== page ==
Ethical aspects of doping and anti-doping : in search of an alternative policy

Ethical aspects of doping and anti-doping : in search of an alternative policy / Bengt Kayser. - Catholic University of Leuven (KU Leuven), 2018. - Dissertation KU Leuven presented in partial fulfillment of the requirements for the degree of Doctor in Kinesiology.
- With summary in Dutch: p. ix - xii


The general aim of this thesis is to contribute to the discussion on doping and anti-doping, and to sketch the outlines of an alternative way of dealing with doping inside and outside of sport. After a short introduction (Chapter 1) that sketches the historical background of the main issues, an analysis of modern anti-doping in elite sport is presented, highlighting some paradoxes and weaknesses at the basis of today’s anti-doping policies (Chapter 2). Chapter 3 provides an analysis of the argument that allowing doping would merely result in a uniform shift of the playing field at the cost of greater health risks. It is shown that this is unlikely to be the case and a counterargument in favour of allowing some regulated forms of doping, because potentially leading to a more dynamic playing field, is then presented. Chapter 4 provides a perspective accounting for some of the side effects of modern anti-doping, also from a legal perspective. It highlights some of these side-effects and shows that anti-doping comes at a considerable cost to the individual athlete and the community. Chapter 5 then introduces the idea of using a harm reduction approach in the realm of doping in sport. First the principle of harm reduction is explained, building upon the evidence base in the field of recreational substance use. This is followed by a first attempt of applying its principles to doping practices in sport. Chapter 6 then takes the reasoning of the preceding chapter further by completing it with a specific analysis of the ethical implications of such a harm reduction approach for doping, concluding that such an approach can be defended. Chapter 7 finally provides a general discussion that ends with some conclusions and perspectives. The overarching conclusion of the thesis is that there is no society-wide solution to the problem of doping. Therefore practical ways of dealing with its presence aimed at containing its potential risks may represent preferable policy alternatives as compared to today’s runaway effects of globalisation of anti-doping efforts, all while promising to enrich the spectacle of modern elite sport.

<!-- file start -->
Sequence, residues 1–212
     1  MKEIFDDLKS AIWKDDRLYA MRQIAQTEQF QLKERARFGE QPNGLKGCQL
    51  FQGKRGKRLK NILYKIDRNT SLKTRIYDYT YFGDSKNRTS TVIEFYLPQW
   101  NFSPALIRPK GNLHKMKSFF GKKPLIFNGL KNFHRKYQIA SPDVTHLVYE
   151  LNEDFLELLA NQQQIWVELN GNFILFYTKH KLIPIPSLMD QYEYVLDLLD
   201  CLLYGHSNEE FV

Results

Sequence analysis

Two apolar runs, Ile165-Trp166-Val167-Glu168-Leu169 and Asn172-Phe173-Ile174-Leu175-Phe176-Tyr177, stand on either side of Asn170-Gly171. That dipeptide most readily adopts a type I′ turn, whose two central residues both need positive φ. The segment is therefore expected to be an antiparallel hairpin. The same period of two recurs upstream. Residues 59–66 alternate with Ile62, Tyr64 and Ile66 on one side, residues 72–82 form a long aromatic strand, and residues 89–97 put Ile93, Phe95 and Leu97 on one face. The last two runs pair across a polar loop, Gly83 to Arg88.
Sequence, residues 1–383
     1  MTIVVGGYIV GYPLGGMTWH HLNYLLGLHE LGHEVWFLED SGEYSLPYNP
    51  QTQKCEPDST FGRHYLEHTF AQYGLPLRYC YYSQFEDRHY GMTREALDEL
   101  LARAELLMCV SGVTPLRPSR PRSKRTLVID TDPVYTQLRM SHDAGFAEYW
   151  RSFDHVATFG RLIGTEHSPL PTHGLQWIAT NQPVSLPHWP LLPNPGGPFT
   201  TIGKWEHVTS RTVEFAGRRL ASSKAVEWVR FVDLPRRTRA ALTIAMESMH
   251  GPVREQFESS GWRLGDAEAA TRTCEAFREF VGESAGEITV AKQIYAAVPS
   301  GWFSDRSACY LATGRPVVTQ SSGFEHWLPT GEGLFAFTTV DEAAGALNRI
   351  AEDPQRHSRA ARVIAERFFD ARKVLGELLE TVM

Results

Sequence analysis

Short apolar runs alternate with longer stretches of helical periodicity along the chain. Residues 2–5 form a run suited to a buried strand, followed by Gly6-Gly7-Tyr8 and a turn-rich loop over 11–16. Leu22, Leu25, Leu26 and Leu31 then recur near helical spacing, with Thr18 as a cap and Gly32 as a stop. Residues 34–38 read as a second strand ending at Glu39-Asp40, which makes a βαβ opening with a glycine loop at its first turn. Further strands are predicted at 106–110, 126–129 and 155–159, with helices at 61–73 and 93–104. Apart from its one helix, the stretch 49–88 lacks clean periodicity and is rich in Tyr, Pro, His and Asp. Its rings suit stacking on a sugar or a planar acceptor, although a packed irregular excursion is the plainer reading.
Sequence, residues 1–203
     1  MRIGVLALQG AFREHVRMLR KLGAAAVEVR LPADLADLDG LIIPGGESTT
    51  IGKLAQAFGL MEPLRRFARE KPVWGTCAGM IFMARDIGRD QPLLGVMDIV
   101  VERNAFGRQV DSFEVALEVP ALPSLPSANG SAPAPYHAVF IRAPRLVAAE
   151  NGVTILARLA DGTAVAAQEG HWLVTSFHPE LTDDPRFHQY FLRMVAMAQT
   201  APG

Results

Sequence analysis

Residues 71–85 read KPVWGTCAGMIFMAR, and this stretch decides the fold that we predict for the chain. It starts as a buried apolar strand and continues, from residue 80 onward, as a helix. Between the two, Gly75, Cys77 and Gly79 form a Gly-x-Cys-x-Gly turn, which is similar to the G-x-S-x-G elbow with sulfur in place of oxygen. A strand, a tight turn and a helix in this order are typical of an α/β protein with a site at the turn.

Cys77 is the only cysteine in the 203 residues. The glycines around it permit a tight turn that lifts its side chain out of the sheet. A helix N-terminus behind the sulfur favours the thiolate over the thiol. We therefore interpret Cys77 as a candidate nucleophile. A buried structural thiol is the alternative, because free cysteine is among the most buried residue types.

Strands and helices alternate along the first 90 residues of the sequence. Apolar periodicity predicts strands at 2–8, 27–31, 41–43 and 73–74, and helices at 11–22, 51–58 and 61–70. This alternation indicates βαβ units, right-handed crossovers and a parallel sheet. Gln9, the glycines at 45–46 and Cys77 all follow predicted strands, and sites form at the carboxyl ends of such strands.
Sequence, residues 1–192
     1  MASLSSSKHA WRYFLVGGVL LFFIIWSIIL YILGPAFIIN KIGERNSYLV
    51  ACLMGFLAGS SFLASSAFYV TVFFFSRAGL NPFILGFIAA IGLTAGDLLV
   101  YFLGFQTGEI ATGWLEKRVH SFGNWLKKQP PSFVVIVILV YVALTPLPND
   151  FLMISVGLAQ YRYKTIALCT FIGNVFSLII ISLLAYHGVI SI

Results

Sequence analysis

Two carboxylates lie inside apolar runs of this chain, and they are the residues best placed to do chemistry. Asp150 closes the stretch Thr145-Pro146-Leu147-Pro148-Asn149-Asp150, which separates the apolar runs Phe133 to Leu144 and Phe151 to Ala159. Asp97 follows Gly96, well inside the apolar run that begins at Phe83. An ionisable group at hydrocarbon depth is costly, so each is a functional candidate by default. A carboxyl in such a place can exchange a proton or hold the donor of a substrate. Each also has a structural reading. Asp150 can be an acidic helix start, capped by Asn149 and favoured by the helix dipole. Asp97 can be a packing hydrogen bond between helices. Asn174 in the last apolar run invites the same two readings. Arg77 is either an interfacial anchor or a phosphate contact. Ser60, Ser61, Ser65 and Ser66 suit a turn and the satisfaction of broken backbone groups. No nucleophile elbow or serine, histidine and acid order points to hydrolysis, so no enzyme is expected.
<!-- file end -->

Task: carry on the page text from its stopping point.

1.) Introductory remarks
2.) Current anti-doping policy: a critical appraisal
3.) What if we relaxed the anti-doping rule: towards a Red Queen effect?
4.) On the presumption of guilt without proof of intentionality and other consequences of current anti-doping policy
5.) Doping and performance enhancement: harms and harm reduction
6.) Ethics of a relaxed anti-doping rule accompanied by harm-reduction measures
7.) Discussion, conclusions and perspectives
- Appositions
- Short CV
- Publications on doping and anti-doping
- Acknowledgements, Personal contributions, Conflict of interest statement
A.) French speaking athletes’ experience and perception regarding the whereabouts reporting system and therapeutic use exemptions
B.) The anti-doping industry coming of age: in search of new markets
C.) Do public perception and the ‘spirit of sport’ justify the criminalisation of doping? A reply to Claire Sumner

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29 May 2018
Kayser, Bengt
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Katholieke Universiteit Leuven (KU Leuven) - Catholic University of Leuven
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